Brendan Dooling Takes On Seven Questions About Must, Billy the Kid, Bruce Willis & Carrie Diaries
November 1st, 2017
by Josh Ferri
Brendan Dooling makes his off-Broadway debut as the notorious gunslinger Billy the Kid in the new play Must. Produced by Bruce Willis and written by Charles Cissel, Must follows a reflective Billy the Kid alone in the New Mexican desert on the eve of his murder as he conjures memories and visions of the people and relationships that most shaped his short life.
BroadwayBox caught up with the Dooling (who starred as Carrie Bradshaw's high school bestie Walt in TV's The Carrie Diaries and voiced the character Skylar in the animated series Chuggington) to talk about playing the historic figure, killer Bruce Willis films, and where Walt would be today.
1. What piece of research most informed your performance of Billy the Kid?
Honestly, the history of Billy is actually inconsequential in the narrative that Charles Cissel has cooked up. Charles has done a wonderful job taking what we know of Billy The Kid and using a handful of facts as a springboard for his own story. I did, however, do the research and found out that Billy actually preferred a sombrero to any other hat of the time. Apparently, he was a practical guy and liked the wide brim for more sun protection. I found that provided some interesting insight.
2. What was it about Must that you wanted to make your off-Broadway debut with it?
This play requires a healthy amount of interpretation. Nothing is spoon fed to the audience and the language the playwright uses is very lyrical and poetic. It intrigued me from the get-go and I wanted to be a part of something new and outside the realm of "typical modern theater", for lack of a better phrase.
3. What do you like about living in this wild world of Billy the Kid?
I like the unpredictability. Billy really had to have his head on a swivel in order to maintain the life he desired and much of it was a matter of rolling with the punches.
4. What’s your favorite Bruce Willis screen credit?
Die Hard. It was once voted the best action movie of all time. Unfortunately, I can't remember who formulated the list. Rolling Stone, perhaps. Anyway, I agree wholeheartedly. Bruce Willis, Alan Rickman, action, drama, comedy... Still number 1 in my book.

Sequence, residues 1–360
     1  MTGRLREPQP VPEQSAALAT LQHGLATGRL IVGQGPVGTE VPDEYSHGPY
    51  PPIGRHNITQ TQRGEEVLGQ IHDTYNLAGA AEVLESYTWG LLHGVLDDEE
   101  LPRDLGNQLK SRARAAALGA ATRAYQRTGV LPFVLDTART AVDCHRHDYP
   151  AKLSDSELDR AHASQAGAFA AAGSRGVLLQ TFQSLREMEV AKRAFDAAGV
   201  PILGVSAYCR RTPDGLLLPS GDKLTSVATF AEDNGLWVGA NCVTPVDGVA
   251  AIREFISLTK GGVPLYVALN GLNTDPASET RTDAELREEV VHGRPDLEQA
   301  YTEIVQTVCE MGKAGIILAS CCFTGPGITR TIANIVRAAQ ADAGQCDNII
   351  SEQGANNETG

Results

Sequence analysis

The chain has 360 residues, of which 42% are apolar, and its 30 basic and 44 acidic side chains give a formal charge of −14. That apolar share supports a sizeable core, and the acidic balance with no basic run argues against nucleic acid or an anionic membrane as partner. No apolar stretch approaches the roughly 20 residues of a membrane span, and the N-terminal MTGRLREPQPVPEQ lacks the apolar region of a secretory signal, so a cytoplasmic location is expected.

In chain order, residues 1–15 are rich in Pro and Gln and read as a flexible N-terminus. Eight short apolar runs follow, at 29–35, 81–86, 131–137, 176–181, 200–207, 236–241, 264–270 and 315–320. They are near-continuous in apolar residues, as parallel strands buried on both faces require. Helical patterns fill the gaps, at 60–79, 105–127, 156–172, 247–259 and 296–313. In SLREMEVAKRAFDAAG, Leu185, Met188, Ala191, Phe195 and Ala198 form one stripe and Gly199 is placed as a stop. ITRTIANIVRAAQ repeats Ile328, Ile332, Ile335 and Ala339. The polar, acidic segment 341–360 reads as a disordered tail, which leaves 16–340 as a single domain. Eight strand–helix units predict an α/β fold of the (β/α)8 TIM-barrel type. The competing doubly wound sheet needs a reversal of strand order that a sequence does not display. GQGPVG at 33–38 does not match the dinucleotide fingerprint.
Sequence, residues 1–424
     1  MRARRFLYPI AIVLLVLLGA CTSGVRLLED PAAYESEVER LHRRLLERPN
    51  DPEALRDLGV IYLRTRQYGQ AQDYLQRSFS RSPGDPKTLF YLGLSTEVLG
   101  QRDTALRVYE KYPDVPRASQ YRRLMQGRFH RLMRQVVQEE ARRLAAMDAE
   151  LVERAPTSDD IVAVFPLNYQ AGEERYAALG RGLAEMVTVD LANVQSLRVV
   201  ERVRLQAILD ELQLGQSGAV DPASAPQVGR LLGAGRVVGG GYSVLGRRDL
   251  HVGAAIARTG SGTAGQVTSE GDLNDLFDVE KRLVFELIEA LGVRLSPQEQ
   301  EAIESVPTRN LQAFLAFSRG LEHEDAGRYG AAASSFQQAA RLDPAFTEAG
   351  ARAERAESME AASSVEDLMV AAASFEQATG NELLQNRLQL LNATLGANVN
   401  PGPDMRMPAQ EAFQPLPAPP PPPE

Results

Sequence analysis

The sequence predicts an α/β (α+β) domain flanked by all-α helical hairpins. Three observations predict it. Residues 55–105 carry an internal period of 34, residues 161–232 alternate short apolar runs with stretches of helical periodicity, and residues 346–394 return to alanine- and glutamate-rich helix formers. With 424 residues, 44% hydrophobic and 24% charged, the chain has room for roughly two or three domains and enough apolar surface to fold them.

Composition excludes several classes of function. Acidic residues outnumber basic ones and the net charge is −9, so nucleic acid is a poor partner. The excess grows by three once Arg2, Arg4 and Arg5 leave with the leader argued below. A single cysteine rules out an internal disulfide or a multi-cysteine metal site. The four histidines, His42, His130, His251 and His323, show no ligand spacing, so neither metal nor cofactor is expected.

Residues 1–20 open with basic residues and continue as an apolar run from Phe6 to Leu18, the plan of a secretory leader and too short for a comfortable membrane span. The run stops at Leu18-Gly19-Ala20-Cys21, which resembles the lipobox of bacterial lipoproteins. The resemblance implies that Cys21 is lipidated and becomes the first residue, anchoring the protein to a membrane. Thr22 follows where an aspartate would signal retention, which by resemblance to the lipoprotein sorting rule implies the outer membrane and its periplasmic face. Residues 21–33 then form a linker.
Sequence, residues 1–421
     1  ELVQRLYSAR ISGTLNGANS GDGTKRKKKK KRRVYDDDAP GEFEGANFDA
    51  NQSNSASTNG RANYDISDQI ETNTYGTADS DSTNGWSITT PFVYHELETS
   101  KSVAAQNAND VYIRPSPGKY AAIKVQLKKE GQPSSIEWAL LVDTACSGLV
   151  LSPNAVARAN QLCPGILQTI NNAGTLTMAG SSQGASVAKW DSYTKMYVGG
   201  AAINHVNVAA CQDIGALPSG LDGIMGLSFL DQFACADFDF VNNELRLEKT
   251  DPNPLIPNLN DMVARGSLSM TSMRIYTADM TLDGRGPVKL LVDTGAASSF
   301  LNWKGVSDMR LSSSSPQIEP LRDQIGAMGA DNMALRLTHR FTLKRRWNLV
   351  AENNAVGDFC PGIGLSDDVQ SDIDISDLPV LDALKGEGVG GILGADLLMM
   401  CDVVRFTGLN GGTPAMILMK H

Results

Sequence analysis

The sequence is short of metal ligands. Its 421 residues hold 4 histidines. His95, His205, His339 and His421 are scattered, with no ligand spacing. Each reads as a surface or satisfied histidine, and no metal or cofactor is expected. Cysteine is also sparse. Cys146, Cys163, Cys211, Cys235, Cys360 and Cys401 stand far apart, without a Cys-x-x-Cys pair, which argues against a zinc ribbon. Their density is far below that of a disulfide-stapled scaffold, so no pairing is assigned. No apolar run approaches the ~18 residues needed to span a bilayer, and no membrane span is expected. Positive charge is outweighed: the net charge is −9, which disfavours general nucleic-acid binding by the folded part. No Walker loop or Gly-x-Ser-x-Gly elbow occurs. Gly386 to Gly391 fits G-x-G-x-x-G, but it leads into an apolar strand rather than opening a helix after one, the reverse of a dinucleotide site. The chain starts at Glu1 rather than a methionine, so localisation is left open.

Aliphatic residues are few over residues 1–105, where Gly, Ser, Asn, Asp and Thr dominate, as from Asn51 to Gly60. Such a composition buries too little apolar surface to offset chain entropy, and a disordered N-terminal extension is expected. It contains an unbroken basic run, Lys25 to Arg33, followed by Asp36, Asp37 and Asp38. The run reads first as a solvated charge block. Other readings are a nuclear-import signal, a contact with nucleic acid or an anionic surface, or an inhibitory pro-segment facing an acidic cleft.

5. In a lot of ways, this is a play about self-discovery. What do you credit with helping you most understand yourself?
I credit my mother. She instilled in me the need for self-awareness and the courage to explore that which is within me and within us all. I feel that might be why I enjoy story-telling as an actor as well.
6. What do you think happened to Walt after Carrie Diaries?
Great question! I like to believe that Walt grew more confident and accepting of himself with each day he spent in New York City. He probably pursued a job in advertising and grew to be a happy, healthy man. Well, relatively healthy. I have a sneaking suspicion he would have taken up cigarette smoking as everyone did in that time and place.
7. Why do you think Billy the Kid continues to intrigue us in literature, film, art, and music? What about him feels especially timely now?
Well, because we have only fragmented historical documentation and information distorted through legend and folklore, Billy The Kid is a rebel without a cause, seemingly. Or a vigilante, by other interpretations. Just that idea of going against the grain of society has intrigued people for generations. Billy did it in the wrong ways, of course, but that idea of trailblazing is very timely, I feel. The desire to blaze a trail, figuratively or literally, is in all of us, and we can do that without a gun or a sense of vengeance. We can do that armed with joie de vivre.
Don't miss Brendan Dooling as Billy the Kid in Must at off-Broadway's Theatre at St. Clements through November 19.